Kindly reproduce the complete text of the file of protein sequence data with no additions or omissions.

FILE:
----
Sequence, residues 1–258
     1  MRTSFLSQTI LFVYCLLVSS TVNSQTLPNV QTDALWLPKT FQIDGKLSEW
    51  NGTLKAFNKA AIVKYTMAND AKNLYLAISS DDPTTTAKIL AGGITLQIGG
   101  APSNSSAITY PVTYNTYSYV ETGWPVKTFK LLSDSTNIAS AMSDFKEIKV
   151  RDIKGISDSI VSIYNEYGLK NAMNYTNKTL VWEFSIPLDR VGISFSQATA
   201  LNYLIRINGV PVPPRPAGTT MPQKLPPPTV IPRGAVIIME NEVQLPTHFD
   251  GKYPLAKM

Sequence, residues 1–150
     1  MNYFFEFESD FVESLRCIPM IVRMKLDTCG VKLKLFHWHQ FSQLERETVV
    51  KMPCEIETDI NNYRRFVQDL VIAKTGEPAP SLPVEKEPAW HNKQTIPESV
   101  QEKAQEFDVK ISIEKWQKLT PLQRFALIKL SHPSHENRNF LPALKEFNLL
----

Sequence, residues 1–258
     1  MRTSFLSQTI LFVYCLLVSS TVNSQTLPNV QTDALWLPKT FQIDGKLSEW
    51  NGTLKAFNKA AIVKYTMAND AKNLYLAISS DDPTTTAKIL AGGITLQIGG
   101  APSNSSAITY PVTYNTYSYV ETGWPVKTFK LLSDSTNIAS AMSDFKEIKV
   151  RDIKGISDSI VSIYNEYGLK NAMNYTNKTL VWEFSIPLDR VGISFSQATA
   201  LNYLIRINGV PVPPRPAGTT MPQKLPPPTV IPRGAVIIME NEVQLPTHFD
   251  GKYPLAKM

Sequence, residues 1–150
     1  MNYFFEFESD FVESLRCIPM IVRMKLDTCG VKLKLFHWHQ FSQLERETVV
    51  KMPCEIETDI NNYRRFVQDL VIAKTGEPAP SLPVEKEPAW HNKQTIPESV
   101  QEKAQEFDVK ISIEKWQKLT PLQRFALIKL SHPSHENRNF LPALKEFNLL